Breast Implant Placement

Source: 123rf.com

Source: 123rf.com

Source: 123rf.com

Source: 123rf.com

There are three relatively common placements of the breast implants relative to the breast anatomy that are used in breast augmentation. Dr. Zuckerman often performs the submuscular placement, but the choice depends on the patient's anatomy and preferences. 

Submuscular implant placement (left diagram): Dr. Zuckerman would make the pocket completely underneath the pectoralis major muscle. It is the most common placement he does, and it is also the most common placement for breast augmentation nationally. It is a simple placement, with a relatively bloodless dissection plane upon implant placement. This placement puts good tissue over the implant, and there is some thought among plastic surgeons that is creates less propensity for capsular contracture.

Subglandular implant placement (right diagram): Dr. Zuckerman would make the pocket underneath the breast gland but on top of the pectoralis major muscle. This placement has fallen out of favor somewhat, but it is a matter of preference for the surgeon. If the patient has a very muscular chest wall such that when flexing, the implant may move significantly, Dr. Zuckerman might recommend avoiding the submuscular placement and to use sublandular. To some extent, this is also true for those with very little starting breast issue. This is the original implant placement location and was favored in the 1980's.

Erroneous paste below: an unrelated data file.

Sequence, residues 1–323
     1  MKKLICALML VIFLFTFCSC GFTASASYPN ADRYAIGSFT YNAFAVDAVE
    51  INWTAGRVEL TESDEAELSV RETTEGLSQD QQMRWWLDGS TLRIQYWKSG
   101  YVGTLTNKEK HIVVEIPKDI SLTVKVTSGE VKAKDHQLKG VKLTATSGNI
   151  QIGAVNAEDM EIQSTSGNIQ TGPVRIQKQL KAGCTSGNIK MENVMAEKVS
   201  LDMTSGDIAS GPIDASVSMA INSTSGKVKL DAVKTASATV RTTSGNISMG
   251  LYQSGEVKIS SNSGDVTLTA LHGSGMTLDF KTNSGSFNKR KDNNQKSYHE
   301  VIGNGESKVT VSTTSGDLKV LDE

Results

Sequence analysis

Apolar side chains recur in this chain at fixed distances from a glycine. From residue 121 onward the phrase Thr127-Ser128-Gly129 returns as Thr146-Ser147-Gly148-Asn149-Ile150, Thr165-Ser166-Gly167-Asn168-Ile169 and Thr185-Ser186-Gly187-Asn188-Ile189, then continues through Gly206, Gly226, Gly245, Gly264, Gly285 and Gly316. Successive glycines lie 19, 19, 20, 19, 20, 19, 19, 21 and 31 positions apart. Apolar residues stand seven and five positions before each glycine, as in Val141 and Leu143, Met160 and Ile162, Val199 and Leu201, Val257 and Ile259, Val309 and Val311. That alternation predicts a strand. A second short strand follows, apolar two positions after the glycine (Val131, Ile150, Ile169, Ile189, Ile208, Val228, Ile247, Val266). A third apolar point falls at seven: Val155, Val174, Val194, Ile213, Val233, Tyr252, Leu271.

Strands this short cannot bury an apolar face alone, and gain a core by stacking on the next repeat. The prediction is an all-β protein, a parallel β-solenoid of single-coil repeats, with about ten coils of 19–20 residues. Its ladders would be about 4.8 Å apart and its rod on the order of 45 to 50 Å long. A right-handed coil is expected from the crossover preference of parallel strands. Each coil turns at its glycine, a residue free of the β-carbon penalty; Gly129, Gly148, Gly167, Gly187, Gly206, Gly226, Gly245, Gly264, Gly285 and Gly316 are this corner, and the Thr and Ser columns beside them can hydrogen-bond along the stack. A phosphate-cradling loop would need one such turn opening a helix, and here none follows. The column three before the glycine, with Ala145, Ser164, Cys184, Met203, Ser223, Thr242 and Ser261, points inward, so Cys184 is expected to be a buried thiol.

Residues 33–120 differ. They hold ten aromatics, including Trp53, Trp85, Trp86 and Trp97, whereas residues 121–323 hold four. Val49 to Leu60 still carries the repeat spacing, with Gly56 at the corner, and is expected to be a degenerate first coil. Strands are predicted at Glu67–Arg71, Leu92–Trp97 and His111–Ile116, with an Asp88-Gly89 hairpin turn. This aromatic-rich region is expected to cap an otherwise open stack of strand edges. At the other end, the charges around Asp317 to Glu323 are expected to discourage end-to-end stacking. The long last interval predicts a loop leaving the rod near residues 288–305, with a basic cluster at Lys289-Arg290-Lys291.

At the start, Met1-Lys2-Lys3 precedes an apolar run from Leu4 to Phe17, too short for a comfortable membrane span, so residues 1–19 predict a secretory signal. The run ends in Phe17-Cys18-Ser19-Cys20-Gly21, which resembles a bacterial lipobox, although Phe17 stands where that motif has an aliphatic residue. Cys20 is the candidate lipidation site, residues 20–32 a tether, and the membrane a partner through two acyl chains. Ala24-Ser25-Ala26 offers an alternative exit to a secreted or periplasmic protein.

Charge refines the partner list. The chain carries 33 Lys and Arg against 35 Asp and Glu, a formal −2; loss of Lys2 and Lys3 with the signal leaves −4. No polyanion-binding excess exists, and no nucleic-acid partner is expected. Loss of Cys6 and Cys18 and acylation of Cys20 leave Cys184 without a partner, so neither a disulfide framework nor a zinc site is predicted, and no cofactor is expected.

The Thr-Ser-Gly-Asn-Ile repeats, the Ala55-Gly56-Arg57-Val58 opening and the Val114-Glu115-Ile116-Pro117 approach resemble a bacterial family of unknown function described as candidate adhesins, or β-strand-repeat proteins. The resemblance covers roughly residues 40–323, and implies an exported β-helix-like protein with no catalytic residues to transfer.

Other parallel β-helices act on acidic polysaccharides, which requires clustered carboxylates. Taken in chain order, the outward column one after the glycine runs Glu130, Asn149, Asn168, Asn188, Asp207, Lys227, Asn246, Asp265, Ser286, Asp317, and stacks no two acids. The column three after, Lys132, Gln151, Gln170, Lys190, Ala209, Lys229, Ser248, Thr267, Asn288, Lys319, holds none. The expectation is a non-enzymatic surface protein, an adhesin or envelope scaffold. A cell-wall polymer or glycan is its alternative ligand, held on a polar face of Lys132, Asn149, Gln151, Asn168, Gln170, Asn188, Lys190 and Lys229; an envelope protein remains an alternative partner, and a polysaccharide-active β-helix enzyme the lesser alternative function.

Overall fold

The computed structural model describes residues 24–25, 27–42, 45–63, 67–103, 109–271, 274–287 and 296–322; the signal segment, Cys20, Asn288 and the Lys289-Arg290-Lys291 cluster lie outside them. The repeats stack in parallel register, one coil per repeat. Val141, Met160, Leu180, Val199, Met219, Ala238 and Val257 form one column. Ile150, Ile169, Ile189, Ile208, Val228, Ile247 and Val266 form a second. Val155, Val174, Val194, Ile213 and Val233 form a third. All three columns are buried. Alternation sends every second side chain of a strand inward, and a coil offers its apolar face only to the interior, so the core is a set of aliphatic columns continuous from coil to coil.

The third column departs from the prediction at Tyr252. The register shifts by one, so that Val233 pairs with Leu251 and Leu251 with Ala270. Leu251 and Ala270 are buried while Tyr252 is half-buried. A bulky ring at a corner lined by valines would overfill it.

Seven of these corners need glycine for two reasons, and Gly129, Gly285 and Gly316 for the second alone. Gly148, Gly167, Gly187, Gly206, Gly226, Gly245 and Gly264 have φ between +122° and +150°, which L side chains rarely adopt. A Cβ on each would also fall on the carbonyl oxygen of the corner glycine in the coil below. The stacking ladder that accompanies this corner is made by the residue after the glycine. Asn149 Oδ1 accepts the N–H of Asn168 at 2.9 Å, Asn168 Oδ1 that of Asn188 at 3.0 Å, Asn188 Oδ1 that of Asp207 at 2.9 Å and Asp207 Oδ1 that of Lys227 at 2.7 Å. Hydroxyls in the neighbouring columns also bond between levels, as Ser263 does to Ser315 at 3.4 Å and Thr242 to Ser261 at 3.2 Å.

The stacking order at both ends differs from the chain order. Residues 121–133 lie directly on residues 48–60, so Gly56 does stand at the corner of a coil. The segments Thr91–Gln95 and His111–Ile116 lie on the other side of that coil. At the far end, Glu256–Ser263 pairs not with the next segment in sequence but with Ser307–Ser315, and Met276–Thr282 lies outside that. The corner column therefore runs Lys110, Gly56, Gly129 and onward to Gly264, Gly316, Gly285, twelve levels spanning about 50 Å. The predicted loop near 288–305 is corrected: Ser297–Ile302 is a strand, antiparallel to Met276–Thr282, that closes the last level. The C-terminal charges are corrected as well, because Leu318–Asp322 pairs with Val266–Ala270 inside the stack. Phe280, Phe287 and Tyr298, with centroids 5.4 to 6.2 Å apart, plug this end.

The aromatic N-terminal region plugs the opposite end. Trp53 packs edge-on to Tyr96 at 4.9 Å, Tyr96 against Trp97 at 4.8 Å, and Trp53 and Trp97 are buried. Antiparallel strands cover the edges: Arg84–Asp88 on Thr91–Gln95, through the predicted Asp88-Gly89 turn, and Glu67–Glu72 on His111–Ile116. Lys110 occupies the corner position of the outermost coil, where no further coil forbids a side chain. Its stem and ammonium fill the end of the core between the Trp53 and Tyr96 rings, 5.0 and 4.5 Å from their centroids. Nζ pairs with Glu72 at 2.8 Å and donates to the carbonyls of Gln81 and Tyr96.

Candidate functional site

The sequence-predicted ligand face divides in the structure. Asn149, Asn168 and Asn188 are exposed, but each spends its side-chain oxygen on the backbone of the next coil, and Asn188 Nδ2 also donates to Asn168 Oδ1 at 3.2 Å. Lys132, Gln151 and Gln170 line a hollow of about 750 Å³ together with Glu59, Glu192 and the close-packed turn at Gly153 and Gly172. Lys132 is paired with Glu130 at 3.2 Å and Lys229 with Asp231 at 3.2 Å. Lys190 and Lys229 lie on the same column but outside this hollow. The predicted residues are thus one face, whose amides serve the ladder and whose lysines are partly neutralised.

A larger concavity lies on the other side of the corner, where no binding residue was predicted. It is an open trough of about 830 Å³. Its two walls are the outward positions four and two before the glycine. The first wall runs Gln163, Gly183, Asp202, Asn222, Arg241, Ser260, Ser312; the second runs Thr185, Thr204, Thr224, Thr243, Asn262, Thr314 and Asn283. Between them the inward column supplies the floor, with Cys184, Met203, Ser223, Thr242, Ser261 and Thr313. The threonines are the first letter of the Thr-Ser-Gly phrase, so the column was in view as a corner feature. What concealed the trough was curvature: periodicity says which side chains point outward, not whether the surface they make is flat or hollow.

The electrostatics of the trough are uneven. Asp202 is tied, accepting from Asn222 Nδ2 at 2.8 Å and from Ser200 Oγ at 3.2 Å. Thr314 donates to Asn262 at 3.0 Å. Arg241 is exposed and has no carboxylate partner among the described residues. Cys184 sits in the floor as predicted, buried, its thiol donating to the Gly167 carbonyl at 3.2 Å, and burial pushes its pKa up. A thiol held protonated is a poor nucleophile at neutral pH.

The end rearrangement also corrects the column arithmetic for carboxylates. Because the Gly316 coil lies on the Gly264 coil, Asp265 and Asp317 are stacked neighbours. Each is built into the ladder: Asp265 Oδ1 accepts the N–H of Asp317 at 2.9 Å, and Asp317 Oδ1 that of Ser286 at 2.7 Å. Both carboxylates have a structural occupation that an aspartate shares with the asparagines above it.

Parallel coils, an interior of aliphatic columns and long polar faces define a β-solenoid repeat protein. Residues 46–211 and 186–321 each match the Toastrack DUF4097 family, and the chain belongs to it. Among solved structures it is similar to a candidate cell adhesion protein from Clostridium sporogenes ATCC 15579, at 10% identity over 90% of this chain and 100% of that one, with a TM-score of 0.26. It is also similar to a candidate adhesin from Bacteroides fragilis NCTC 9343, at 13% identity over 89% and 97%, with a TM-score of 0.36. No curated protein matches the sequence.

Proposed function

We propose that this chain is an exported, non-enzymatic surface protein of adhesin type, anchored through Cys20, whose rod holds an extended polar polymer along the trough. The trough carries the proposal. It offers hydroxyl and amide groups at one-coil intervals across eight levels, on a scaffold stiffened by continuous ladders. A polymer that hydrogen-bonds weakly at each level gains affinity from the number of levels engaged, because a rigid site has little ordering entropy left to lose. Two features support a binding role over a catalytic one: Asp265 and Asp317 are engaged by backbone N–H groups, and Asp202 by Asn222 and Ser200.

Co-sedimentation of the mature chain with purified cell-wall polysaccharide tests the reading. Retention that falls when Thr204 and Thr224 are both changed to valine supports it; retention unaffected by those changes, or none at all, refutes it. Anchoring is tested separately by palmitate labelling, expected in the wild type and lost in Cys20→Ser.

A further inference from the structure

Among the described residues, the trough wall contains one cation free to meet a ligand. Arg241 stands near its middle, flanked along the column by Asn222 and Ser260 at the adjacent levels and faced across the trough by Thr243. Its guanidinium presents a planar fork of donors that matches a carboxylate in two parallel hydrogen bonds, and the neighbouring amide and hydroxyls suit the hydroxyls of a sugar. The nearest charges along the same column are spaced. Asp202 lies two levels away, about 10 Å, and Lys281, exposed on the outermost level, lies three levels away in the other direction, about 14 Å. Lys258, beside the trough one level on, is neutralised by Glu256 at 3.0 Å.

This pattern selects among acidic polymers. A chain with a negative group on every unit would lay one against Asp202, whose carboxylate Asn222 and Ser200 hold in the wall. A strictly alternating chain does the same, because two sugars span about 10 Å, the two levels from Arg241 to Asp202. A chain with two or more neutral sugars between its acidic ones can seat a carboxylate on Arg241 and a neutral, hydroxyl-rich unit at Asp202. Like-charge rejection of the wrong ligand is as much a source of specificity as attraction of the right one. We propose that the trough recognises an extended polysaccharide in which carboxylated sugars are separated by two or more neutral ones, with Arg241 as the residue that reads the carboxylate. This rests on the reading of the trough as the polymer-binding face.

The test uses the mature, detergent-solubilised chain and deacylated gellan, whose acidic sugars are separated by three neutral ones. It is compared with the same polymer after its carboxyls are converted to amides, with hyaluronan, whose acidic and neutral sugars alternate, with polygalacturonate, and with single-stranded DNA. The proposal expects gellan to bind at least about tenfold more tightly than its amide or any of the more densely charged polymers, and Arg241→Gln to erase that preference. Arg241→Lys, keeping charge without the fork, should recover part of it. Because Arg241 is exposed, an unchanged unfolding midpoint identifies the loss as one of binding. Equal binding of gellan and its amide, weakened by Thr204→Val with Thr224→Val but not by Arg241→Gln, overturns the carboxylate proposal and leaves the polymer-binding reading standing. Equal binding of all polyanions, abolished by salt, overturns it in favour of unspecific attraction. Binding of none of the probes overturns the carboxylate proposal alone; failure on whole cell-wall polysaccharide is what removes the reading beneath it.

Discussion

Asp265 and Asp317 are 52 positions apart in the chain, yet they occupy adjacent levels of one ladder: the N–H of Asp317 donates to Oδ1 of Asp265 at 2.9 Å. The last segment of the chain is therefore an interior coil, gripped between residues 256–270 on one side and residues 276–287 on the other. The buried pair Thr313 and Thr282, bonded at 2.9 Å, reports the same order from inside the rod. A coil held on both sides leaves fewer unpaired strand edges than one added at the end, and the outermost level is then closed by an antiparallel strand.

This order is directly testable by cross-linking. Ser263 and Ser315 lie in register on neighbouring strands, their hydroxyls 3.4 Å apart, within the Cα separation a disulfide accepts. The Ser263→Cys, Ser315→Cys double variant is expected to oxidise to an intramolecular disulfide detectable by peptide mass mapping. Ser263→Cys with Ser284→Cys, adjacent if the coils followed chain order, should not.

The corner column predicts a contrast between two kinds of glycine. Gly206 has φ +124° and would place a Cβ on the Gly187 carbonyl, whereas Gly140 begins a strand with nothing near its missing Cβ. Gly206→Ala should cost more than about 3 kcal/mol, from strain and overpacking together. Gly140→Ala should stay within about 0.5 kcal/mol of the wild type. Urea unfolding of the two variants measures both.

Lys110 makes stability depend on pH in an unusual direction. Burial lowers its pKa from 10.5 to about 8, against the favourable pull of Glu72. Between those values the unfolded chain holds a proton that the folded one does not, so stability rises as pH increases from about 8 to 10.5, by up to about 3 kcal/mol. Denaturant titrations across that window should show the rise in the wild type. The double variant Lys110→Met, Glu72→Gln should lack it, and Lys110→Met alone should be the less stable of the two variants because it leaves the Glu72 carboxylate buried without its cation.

Dual-plane implant placement (not shown): Dr. Zuckerman would make the pocket under the pectoralis major muscle, similar to a submuscular placement, and then free up the interface between breast gland and the muscle so that the breast implant slides. In this placement, the breast implant contacts the bottom part of the breast gland, which hinges the breast mound & tissue to give a little bit more of a lift out of your augmentation. There are three variations of this technique depending on how much of the interface vertically is freed up, and which variation to choose depends on how much lift you would like to achieve. However, this placement cannot be used in place of a mastopexy.